“And when they were come unto a place called Golgotha, that is to say, a place of a skull, They gave him vinegar to drink mingled with gall: and when he had tasted thereof, he would not drink.” (Matthew 27:33-34)

When they arrived at Golgotha, where they carried out crucifixions, they gave Jesus a mixture of gall and vinegar to drink to minimize the effects of dehydration and prevent lapsing into unconsciousness before he died.  When he tasted it, Jesus refused to drink it. 

“And they crucified him, and parted his garments, casting lots: that it might be fulfilled which was spoken by the prophet, They parted my garments among them, and upon my vesture did they cast lots.” (Matthew 27:35)

It was customary for the soldiers who crucified a person to divide up his clothing and personal effects as part of their pay for doing the execution.  When the soldiers hung Jesus on the cross, they sat at the foot of the cross and gambled to see who got which part of his clothing.  In doing so, they fulfilled the prophecy in Psalm 22:14-18, once again proving he was the Messiah.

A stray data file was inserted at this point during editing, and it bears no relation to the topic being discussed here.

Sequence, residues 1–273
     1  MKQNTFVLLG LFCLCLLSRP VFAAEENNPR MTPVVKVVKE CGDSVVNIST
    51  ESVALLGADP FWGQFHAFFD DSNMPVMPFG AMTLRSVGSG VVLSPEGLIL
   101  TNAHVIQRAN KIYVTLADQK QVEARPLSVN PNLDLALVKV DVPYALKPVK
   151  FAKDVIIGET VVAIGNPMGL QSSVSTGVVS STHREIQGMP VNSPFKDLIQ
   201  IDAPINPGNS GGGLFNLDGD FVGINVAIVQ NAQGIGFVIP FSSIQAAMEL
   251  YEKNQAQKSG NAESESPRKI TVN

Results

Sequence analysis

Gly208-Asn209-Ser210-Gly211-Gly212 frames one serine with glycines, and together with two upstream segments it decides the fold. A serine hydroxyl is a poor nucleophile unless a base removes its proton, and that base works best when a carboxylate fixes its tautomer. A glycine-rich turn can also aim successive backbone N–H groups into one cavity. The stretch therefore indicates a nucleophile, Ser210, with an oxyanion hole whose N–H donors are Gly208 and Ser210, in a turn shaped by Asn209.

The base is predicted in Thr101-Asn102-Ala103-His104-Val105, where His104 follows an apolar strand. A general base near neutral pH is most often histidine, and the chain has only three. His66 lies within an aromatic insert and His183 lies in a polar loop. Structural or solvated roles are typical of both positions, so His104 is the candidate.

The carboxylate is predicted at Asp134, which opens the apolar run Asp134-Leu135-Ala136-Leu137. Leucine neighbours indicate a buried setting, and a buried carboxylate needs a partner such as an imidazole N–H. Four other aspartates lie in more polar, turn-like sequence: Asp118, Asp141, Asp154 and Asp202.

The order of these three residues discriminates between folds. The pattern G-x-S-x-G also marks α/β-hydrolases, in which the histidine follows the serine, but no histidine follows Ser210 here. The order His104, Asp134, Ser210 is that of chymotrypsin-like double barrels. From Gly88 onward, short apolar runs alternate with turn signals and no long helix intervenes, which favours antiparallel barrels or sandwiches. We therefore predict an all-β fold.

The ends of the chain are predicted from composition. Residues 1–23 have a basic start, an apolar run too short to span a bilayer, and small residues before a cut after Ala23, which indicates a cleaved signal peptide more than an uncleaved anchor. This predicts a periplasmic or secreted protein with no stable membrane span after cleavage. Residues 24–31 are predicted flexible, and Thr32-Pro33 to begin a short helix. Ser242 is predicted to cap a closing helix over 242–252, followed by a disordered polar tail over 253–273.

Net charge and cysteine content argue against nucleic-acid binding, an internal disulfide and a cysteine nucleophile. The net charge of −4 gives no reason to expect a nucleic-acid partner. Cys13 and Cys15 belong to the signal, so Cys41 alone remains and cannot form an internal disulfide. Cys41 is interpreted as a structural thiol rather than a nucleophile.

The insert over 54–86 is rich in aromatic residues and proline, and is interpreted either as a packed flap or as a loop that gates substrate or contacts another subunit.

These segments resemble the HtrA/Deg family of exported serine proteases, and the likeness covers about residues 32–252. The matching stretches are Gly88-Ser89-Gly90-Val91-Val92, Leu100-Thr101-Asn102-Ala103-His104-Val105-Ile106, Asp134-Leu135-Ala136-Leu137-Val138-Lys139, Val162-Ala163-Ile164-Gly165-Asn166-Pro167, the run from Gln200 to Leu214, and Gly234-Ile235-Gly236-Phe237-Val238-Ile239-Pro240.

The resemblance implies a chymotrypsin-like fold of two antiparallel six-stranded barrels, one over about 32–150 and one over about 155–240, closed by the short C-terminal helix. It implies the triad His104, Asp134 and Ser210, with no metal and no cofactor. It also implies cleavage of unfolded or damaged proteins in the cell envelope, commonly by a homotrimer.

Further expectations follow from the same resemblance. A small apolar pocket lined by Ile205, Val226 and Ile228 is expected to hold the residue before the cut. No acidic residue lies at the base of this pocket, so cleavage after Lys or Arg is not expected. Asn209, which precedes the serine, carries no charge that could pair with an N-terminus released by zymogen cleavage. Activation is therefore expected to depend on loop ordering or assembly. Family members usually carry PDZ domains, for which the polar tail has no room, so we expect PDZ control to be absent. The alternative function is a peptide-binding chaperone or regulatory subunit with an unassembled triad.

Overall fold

“And sitting down they watched him there; And set up over his head his accusation written, THIS IS JESUS THE KING OF THE JEWS.” (Matthew 27:36-37)

Pilate had written a sign saying declaring Jesus as king of the Jews.  When they crucified him, the sign was nailed to the top of the cross.  John 19:1922 describes the Jewish reaction.  “And Pilate wrote a title, and put it on the cross. And the writing was, JESUS OF NAZARETH THE KING OF THE JEWS.  This title then read many of the Jews: for the place where Jesus was crucified was nigh to the city: and it was written in Hebrew, and Greek, and Latin.   Then said the chief priests of the Jews to Pilate, Write not, The King of the Jews; but that he said, I am King of the Jews.  Pilate answered, What I have written I have written.” 

The Jewish leaders were offended that the sign said Jesus was the king of the Jews, feeling that it indicted them for having him Crucified and demanded Pilate change it.  They had already pushed Pilate beyond his limit in forcing him to authorize the execution of an innocent man, and he refused to change it.    The sign remained, clearly declaring Jesus as King of the Jews for all to see.    The crowd sat down to wait and see what would happen.